ALL-STAR BATMAN AND ROBIN THE BOY WONDER #5: Paul Levitz apparently thinks that DC's publication of THE BOYS could do some theoretical harm to their core superhero business, or taint the icons, or something. This makes me wonder what Paul made of THIS.

Since it is the ACTUAL icons.

The strangest thing is that, had Frank Miller been drawing this, I'd probably have found it amusing and satirical and maybe even a little funny. But with Jim Lee? Lee is THE mainstream superhero comic book artist, so it adds a layer of weight and Importance to it all that just absolutely demands it be taken Seriously, and, thus, renders any satire as stone-faced earnestness.

But, really, REALLY, Levitz cancelled THE BOYS and continues to publish this? Really?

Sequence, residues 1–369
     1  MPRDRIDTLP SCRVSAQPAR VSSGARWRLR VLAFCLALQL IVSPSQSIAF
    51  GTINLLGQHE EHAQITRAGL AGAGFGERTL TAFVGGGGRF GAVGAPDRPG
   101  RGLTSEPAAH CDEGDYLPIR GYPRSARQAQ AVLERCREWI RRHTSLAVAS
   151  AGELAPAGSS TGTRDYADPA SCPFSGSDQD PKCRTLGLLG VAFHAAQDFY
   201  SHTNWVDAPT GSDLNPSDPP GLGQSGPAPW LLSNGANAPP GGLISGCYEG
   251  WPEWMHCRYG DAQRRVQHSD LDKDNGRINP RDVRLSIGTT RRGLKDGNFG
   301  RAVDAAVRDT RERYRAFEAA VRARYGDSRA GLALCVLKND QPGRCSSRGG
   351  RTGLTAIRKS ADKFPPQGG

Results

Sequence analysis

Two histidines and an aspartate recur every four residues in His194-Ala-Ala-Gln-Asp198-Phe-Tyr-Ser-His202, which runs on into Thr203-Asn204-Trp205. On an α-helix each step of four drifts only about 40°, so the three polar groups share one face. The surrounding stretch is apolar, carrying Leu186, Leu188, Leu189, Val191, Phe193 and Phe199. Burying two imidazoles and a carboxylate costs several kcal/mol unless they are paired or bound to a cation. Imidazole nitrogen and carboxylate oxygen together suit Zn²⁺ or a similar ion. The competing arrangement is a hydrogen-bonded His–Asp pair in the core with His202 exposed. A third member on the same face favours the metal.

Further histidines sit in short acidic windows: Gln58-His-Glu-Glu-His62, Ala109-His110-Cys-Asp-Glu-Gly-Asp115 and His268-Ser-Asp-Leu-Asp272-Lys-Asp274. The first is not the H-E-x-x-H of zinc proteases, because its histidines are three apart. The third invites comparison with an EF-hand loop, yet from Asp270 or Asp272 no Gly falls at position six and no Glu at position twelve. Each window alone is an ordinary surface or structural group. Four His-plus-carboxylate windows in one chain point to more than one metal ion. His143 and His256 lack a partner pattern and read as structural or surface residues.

What did you think?


The Bendis Batman / Daredevil thing

Only because BMB asked that retailers pester Levitz over this thing, here's one retailer's 2 cents. Putting aside the whole "DC sucks! It's just like the old days with Stan! Except I talk about penises!" trip that Quesada and Jemas were on (and, see, actions have consequences -- does no one remember the adage of being nice on your way up because you get to meet all of those people again on your way back down?), I don't think there's a lot of value in DC getting in bed with Marvel as long as Marvel's current publishing policies are as they are.

Remember AVENGERS/ JLA? Marvel printed #1 and 3. Limited to initial orders only. Sold out upon release. Took no responsibility whatsoever.

DC printed #2 & 4. Had copies available for reorder. Still do, in fact. When #4 ran late, DC applied their returnable policy for mini-series and took BOTH #2 and #4 returnable.

I mean, game set and match.

Plus, let's not forget that they've done it before. Try 1997 and 2000?